Let's get started, shall we?
In 2019, psychologists Richard Bränström and John Pachankis published a study of 9,747,324 Swedes. The goal was to determine whether “gender-affirming [cross-sex] hormone and surgical treatment” improved the mental health of people with gender incongruence.
Bränström and Pachankis found no evidence of improvement from cross-sex hormones. But they concluded that the evidence “lends support to the decision to provide gender-affirming surgeries to transgender individuals who seek them.” Critics objected that this conclusion was not warranted by the data. So the authors revised their article. The journal editor published a correction, stating that “the results demonstrated no advantage of surgery.”
First of all, the study itself is extremely broad, and it starts off asking the question whether someone who has had gender affirming treatment has less need for mental health treatment. That's an extremely broad question with so many confounding factors in it, I'm surprised the authors even proceeded with it. Gender affirming treatment relieves anxiety specifically about one's gender and physical sex. It has very little to do with anything else.
When I mentioned confounds, there are a whole bunch of things that can cause the statistics to skew. First, having experience with mental health practitioners means that transgender people are more likely to access those services when they are having difficulties. Second, we should not underestimate the consequences of minority stress on transgender people, and the long term anxieties that can emerge as a result of trying to function in society that is generally unsupportive of transgender people.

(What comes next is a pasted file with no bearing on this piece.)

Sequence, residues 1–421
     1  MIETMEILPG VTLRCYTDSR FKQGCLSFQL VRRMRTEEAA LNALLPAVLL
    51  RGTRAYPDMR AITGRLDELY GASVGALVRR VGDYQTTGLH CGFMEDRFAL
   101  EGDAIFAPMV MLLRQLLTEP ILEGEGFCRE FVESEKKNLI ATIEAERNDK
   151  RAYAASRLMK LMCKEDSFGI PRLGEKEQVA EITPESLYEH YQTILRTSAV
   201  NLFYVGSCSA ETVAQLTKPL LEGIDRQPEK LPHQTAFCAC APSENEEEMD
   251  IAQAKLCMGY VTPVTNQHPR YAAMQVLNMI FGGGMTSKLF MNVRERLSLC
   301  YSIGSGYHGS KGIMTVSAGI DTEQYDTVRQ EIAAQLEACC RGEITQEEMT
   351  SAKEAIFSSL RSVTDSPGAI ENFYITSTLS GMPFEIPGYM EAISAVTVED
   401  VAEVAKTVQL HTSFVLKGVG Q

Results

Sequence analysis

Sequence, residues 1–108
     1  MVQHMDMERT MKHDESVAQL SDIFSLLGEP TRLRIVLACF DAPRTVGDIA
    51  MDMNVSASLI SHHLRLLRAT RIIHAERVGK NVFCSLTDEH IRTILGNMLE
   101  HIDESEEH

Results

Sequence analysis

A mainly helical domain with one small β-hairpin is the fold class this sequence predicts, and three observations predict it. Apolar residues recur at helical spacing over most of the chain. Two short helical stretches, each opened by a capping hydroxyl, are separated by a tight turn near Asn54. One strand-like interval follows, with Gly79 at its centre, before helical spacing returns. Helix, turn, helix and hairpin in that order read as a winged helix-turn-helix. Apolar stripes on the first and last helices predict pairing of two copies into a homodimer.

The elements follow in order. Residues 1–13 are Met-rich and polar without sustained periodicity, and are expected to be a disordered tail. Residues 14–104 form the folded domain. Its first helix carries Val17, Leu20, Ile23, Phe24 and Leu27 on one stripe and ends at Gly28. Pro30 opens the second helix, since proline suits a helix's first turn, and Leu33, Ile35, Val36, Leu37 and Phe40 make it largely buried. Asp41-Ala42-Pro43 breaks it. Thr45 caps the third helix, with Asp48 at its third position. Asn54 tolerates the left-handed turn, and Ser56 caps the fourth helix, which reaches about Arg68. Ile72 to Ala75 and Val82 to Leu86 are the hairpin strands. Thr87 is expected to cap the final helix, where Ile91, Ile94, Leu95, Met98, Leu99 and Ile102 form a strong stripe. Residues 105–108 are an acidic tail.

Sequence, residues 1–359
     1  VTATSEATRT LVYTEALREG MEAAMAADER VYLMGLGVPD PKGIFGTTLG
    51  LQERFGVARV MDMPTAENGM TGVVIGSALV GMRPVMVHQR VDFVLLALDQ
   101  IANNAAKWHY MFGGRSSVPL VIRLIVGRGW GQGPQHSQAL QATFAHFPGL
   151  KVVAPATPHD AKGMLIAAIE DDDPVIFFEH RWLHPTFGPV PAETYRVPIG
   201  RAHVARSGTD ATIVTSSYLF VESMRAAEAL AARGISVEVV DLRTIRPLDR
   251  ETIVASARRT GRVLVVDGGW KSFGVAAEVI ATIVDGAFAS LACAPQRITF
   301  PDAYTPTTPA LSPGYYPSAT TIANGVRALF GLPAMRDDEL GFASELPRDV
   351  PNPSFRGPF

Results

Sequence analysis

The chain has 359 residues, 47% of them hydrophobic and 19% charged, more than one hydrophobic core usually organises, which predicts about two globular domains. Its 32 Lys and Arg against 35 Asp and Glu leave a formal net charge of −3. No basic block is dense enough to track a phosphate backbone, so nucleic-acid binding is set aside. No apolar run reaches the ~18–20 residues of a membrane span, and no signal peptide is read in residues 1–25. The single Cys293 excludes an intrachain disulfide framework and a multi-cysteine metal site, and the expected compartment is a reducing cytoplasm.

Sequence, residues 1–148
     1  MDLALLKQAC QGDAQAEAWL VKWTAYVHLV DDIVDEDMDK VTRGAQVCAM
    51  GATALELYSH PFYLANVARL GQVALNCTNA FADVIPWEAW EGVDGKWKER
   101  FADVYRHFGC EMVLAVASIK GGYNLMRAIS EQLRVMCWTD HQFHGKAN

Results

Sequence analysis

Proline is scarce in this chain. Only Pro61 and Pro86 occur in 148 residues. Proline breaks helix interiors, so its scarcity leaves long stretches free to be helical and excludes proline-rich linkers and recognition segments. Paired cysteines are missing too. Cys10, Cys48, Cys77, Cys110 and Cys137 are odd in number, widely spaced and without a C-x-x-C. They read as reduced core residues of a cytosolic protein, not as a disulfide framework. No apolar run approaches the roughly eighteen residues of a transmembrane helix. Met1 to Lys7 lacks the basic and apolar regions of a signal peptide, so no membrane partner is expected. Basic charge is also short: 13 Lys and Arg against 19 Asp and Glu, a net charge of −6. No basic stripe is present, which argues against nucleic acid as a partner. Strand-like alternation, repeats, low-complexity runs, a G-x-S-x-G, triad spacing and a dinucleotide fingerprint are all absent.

To be clear, I am not saying that the study is invalid, rather I am cautioning anyone reading it to recognize that there are enormous question marks that the study is unable to adequately explore and address. Therefore, drawing absolute conclusions about gender-affirming treatment from it is hugely problematic.
A 2020 study surveyed 20,619 transgender Americans between 18 and 36. They were asked if they had ever wanted puberty blockers as adolescents. About 17 percent said yes. Of these, only 2.5 percent actually received the medication. The goal of the study was to compare “adult mental health outcomes” of those who received puberty blockers with those who wanted them but didn’t get them. The authors adjusted the data to account for age, biological sex, and household income, among other things. They concluded that giving puberty blockers to teens who want them reduces the risk of suicidal thoughts.
The journal that published the 2020 study also published some comments about it. One comment, by pediatricians Scott Field and Den Trumbull, was very critical. They pointed out that the data were collected by survey. So “there is no way of knowing how many would-be participants in either group actually succumbed to suicide.”